From a newlywed and new homeowner: Don't turn Huey into a charter
An open letter to Superintendent Hite
By Cecily Harwitt on Dec 1, 2015 03:29 PM
Dear Dr. Hite,
In my role as statewide campaign director for POWER Interfaith, I’ve sat across the table from you more times than I can count. For the last three years, I’ve been fighting for a full and fair education funding formula at the state level that would help all Philadelphia children get the incredible education that they deserve. I write this letter in that spirit, but in a different capacity – as a newlywed and new homeowner.
After living in and building community in West Philly, my husband and I were thrilled to plant roots here for the long haul. We were excited to be so close to beautiful Malcolm X Park and directly across the street from Huey School. Our neighbors, many of whom went to Huey themselves as children, welcomed us with open arms. We knew that Huey, like many under-resourced Philadelphia schools, was struggling, but we were ready to roll up our sleeves and see what we could do to support the school’s improvement.
But 12 days after we moved in, you made your announcement about turning Huey, along with Cooke and Wister, into Renaissance charter schools. As members of the school community, my husband and I have attended every community meeting your staff has held. Having spent a fair amount of time supporting the District, (he as a veteran teacher in both charter and traditional public schools; I as an education organizer) neither of us was prepared for the disenfranchisement and lack of agency we feel as stakeholders in this process.
For two months now, we’ve attended meetings that conveniently change location at the last minute, that present one-sided and misleading information about charter schools, and that tell parents they have a say in their children's destiny while eliminating their chance to vote on whether their school goes charter, which the last round of parents in their shoes had.
Assistant Superintendent Sean Conley has repeatedly pointed out that other District schools with similar demographics are doing much better. We understand the problems facing Huey: the declining enrollment, low test scores, an unacceptably low number of students reading on grade level. Also worth noting, though, is that Huey Elementary has 38 students in its kindergarten classroom and under your leadership has had three different principals. Put in context (severe state cuts that disproportionately impacted poor and minority students), it is no surprise that Huey and many of our public schools are struggling.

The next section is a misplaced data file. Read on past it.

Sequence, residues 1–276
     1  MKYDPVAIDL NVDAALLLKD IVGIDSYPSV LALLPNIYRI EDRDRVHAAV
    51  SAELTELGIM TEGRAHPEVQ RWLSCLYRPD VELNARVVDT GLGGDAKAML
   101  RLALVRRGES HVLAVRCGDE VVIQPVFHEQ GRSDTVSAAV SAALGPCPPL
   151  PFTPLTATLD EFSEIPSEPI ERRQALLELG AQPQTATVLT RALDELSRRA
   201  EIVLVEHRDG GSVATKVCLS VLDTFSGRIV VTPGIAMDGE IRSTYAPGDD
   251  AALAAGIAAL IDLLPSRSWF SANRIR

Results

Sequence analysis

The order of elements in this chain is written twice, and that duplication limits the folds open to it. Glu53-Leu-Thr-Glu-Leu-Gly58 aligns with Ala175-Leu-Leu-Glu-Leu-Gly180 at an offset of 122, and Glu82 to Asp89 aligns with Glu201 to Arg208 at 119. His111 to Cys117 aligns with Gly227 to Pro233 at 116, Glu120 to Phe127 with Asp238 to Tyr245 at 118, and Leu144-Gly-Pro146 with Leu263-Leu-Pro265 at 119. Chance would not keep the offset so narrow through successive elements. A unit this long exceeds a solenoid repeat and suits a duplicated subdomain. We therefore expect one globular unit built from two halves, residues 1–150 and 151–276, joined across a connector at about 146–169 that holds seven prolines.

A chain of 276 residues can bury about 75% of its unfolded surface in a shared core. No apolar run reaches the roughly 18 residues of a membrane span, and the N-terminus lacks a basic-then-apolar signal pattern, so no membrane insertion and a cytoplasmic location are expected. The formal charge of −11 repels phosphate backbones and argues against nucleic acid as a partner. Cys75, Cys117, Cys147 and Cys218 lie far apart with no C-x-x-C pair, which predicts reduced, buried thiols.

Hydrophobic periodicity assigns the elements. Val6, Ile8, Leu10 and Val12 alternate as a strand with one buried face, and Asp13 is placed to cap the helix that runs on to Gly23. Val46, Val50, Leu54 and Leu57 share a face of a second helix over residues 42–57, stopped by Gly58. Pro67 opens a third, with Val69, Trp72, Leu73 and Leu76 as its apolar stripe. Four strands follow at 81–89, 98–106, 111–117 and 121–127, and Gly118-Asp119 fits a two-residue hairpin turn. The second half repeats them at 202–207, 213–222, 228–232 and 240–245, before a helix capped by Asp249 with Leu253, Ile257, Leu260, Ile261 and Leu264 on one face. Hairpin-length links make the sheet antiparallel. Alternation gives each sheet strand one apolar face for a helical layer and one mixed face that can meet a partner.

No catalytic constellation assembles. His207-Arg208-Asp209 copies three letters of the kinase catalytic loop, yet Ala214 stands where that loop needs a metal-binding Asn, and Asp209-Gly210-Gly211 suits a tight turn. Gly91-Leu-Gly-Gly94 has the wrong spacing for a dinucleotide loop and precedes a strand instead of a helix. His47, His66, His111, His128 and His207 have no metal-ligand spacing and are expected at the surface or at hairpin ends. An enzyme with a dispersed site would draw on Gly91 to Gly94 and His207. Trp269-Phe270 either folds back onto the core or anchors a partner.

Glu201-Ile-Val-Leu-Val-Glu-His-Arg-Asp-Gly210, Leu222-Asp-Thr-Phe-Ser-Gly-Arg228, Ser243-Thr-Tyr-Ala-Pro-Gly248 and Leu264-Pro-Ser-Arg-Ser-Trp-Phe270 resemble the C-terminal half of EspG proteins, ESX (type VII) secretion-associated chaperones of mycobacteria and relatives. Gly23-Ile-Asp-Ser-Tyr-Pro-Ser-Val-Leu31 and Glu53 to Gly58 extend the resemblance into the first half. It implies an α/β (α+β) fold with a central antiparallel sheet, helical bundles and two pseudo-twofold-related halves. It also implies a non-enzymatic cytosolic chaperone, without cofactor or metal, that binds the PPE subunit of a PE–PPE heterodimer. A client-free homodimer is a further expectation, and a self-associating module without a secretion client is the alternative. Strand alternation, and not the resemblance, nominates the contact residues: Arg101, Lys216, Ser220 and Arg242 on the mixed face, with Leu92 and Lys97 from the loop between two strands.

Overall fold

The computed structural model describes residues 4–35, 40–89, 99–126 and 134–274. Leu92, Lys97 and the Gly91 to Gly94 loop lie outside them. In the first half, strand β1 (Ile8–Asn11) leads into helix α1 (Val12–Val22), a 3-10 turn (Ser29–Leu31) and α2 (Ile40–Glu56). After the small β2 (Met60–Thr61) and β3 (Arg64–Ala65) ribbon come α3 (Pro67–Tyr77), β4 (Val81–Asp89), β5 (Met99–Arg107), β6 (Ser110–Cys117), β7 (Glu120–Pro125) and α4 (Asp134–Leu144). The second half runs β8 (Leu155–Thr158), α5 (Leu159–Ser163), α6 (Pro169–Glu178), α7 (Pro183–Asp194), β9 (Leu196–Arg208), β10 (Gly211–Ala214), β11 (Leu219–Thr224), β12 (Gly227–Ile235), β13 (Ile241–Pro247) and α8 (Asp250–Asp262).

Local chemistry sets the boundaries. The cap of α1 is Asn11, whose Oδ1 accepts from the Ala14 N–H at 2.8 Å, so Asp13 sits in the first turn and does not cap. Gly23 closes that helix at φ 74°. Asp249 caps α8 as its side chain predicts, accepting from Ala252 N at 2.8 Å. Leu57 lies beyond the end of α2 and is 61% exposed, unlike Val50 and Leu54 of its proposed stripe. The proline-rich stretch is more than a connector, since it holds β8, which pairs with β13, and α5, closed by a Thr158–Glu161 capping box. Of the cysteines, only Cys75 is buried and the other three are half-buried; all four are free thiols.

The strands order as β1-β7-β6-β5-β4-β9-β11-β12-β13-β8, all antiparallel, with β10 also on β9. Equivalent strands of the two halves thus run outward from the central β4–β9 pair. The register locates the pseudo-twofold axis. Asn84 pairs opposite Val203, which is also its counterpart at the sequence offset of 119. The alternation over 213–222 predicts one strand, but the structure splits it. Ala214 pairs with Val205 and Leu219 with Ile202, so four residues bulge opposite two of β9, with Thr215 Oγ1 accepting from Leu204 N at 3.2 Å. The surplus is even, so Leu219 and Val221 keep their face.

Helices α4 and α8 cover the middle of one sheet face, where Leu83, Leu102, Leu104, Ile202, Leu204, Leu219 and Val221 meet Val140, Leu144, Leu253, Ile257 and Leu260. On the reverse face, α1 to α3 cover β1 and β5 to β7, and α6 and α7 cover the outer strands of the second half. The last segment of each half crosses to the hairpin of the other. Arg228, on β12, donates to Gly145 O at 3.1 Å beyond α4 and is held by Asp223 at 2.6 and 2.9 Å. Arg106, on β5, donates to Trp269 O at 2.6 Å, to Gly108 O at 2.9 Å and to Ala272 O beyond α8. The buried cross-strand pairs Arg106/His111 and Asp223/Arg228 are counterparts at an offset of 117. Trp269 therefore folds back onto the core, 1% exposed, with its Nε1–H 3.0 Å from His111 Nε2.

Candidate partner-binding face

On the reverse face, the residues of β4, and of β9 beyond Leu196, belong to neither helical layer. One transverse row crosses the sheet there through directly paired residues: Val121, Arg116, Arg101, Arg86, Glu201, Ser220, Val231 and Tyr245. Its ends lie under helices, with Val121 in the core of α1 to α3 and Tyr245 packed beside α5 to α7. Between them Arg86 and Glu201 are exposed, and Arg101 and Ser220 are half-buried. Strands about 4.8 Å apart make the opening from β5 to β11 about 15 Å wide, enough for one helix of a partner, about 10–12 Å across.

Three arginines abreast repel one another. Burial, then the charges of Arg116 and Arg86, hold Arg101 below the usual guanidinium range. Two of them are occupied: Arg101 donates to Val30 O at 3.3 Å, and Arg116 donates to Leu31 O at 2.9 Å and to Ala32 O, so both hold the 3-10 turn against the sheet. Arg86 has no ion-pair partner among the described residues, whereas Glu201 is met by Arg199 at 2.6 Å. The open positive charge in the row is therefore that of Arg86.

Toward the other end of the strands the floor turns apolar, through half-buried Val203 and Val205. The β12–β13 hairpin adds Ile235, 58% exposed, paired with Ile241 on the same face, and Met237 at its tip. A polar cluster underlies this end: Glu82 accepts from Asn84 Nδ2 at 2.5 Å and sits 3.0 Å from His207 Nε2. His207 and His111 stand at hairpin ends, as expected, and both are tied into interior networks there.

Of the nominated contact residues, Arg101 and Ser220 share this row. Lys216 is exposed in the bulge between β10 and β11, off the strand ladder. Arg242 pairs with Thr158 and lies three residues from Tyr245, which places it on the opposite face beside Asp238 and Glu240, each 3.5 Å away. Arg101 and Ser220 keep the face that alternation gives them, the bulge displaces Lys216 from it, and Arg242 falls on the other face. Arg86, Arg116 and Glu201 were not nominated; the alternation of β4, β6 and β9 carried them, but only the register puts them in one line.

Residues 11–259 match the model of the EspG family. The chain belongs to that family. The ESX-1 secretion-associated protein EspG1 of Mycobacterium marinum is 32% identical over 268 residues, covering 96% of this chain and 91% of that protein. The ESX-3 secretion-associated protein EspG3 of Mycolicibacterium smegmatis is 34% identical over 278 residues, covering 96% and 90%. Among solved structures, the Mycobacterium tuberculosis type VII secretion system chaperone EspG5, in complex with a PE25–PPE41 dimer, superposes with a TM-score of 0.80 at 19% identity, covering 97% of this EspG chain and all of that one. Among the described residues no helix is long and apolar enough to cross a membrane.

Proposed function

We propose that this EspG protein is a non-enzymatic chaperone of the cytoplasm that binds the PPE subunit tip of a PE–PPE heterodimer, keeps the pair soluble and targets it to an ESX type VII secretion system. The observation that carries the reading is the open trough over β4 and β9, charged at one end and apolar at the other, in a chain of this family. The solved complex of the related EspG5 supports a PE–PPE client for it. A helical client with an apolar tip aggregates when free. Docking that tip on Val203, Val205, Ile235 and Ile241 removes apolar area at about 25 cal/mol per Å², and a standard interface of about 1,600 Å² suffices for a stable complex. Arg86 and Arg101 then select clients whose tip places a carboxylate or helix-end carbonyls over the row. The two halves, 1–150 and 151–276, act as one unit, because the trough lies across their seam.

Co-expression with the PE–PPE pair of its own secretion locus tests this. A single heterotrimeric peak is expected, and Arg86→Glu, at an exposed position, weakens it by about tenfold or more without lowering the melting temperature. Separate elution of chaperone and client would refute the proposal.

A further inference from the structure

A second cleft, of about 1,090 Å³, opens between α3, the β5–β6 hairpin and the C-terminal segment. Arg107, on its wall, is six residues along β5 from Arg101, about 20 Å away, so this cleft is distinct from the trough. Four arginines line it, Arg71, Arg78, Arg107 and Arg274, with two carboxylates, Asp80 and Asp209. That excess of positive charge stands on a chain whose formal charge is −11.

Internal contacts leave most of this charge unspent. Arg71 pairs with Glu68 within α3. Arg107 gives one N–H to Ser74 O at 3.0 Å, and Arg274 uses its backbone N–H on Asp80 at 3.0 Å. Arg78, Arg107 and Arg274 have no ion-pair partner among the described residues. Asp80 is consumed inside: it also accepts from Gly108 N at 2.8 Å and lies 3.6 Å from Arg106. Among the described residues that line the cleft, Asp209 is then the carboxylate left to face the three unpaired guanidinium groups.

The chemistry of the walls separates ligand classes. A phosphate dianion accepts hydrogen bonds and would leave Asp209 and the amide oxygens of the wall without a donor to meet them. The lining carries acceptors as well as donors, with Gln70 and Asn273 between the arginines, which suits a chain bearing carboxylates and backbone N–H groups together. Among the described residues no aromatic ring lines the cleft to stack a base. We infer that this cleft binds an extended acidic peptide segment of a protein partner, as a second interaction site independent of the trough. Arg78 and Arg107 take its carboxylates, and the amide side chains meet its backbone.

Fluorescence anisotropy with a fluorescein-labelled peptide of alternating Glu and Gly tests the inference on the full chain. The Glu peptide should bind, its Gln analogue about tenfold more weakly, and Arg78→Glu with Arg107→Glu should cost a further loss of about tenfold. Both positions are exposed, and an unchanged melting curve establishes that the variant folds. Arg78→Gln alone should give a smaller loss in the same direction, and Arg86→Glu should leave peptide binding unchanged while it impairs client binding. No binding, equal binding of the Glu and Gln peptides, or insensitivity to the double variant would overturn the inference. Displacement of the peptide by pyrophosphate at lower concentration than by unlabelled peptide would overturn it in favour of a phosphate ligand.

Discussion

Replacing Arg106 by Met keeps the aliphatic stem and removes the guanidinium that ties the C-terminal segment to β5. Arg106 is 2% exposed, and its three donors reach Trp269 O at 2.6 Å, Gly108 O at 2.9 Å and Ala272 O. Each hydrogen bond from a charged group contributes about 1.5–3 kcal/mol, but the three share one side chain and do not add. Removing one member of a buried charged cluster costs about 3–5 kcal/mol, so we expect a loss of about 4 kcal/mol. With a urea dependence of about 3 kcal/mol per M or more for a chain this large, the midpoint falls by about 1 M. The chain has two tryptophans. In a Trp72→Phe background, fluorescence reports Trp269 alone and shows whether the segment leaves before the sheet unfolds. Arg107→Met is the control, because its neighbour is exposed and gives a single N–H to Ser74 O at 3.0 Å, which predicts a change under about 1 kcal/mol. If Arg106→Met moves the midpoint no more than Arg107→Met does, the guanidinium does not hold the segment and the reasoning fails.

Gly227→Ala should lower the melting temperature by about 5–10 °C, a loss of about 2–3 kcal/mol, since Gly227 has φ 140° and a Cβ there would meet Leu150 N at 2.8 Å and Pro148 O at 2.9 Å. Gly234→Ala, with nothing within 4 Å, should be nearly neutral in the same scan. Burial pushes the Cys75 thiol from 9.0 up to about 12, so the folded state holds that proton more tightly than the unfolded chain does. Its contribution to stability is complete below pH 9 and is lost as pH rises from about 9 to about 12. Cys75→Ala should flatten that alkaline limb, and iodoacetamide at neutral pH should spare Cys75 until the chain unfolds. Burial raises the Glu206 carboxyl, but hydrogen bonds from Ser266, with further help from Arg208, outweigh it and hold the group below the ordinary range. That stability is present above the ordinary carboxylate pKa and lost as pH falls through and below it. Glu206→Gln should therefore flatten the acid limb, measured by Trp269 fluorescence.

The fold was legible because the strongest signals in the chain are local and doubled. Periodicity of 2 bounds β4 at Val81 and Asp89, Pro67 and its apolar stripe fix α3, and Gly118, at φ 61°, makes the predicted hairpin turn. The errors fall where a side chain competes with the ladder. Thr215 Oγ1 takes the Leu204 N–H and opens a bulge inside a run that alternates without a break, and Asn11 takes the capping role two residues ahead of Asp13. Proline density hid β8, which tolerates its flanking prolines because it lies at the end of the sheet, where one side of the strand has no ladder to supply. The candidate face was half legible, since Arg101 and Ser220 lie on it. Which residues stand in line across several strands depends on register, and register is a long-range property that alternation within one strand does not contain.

I have a few thoughts about the current proposal to turn Huey over to charter operators.
The absence of an in-District turnaround model that is viable and affordable signals a serious void in leadership. Why isn’t there a plan to examine what makes other District schools more successful? What resources is Huey lacking that other schools have? What can we learn from District schools that are improving? These findings are critical for supporting not just Huey but all schools throughout the District.
Charters are not a panacea. The Renaissance schools in particular have a mixed record, just like our public schools. As you know, three of the initial seven Renaissance schools have undergone another round of turnaround in just five years due to poor performance. That means that communities with the most vulnerable students are experiencing another round of instability. We don’t see neighborhoods with more people that look like my husband and me (i.e. White) being forced to constantly undergo this “shock doctrine” treatment.
Community engagement is key. Research shows that community and parent engagement is strongly linked to better student outcomes. Yet the community and parents of our school community, largely poor and black, have been told that they will not even have a vote in the matter. These actions help to further divide and disenfranchise communities.
My neighbors are taxpayers, and they are the experts on what their children need to be successful. Though I hate the reason, I love seeing my community join together to make their voice heard. That energy will be carried forward if we are given the opportunity to do what we all want to do: improve Huey together with adequate support, resources, and proven interventions from the District. We deserve that right.